Originally Posted by Tea-Rex
maybe it is because english isn't my first language, but there's something i don't understand in your post.
why is it a problem when GPS is off half a mile, yet no problem at all when your celestial fix is off severall miles?
or why is signal loss for an hour or so a problem when you only need a fix every so often to sail savely to your destination with "traditional methods"?
When a celestial fix is off by several miles, I am talking about being miles and miles out to sea, where pinpoint precision isn't necessary.
Once you are close enough to see land, then you aren't generally going to be using celestial navigation.
The reason the half-mile error, or the loss of GPS signal, even for a few minutes can be so critical, is that many sailors, who use GPS, come to think that the little boat icon on the screen actually represents where their boat is—IT DOESN'T. Many sailors who become dependent on a GPS think that the GPS tells them exactly where they are—again, IT DOESN'T.
I've seen sailors who tried to navigate by GPS and hit something because they didn't bother to look around with the Mk 1 eyeball...which is still, and should be, the primary navigation tool.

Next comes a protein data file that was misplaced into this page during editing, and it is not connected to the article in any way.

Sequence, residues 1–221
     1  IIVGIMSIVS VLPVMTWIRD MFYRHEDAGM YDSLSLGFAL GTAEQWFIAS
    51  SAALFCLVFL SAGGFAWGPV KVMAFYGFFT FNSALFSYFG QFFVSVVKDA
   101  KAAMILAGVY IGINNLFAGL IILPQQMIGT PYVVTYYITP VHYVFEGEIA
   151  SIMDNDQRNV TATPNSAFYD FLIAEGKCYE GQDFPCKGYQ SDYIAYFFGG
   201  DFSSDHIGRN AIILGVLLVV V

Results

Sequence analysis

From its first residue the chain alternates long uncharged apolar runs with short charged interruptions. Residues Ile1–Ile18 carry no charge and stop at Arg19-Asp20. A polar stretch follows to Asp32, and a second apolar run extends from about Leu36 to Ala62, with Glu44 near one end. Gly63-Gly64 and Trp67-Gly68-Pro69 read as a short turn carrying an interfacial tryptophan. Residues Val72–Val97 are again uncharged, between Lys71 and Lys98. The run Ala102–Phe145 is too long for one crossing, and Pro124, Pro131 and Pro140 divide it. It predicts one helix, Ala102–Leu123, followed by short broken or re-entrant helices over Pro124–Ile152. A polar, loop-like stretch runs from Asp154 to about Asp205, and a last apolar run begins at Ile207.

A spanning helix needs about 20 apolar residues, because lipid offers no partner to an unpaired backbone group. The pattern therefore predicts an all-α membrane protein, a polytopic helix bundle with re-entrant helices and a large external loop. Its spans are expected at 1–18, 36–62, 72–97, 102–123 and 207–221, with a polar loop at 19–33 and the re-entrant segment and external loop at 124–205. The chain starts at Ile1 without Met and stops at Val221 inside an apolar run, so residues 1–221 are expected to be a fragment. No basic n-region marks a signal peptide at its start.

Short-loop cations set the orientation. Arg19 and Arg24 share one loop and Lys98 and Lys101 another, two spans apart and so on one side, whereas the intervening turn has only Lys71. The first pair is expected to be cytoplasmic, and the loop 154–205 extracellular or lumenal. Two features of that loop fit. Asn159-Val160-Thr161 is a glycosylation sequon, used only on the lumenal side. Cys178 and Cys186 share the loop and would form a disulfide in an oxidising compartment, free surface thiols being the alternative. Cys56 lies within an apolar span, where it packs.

Also, the displays of many GPS chartplotters is often cluttered and displays less information than the paper nautical chart of the same region. This can lead the sailor to mis-reading the chart, and cause navigation errors. These errors could be caught, if the sailor would pull his eyes off the GPS screen and take a good look around.
Just a few days ago, I was on a sail into a small harbor for lunch. This harbor is unmarked, and I doubt the GPS information for it is all that accurate, as it has little or no commercial or military value. There is a very large rock, in what is supposed to be the channel into this small harbor that is about three feet under the surface at low tide.
This rock is not marked on any chart of the area that I have seen. If I had been entering this harbor via a GPS, it is very likely that the boat I was in at the time, which draws 7' of water, would have hit the rock and been damaged.
I'm not saying that GPS isn't a good tool, and an exceptionally useful one at that... but it is just that...one of a series of tools for navigation. It is not a magical solution to solve all of your navigation problems. It does have its shortcomings, and discrepancies between the information on the GPS systems and the real world can be fairly serious and dangerous. It is also dependent on electricity, and in a saltwater environment, electrical systems and electronics, no matter how well maintained or made, have a strong possibility of failing.
Most serious accidents aren't caused by a single thing, but by a cascade of events, each of which would be relatively minor to deal with on its own, but when combined, become disasterous.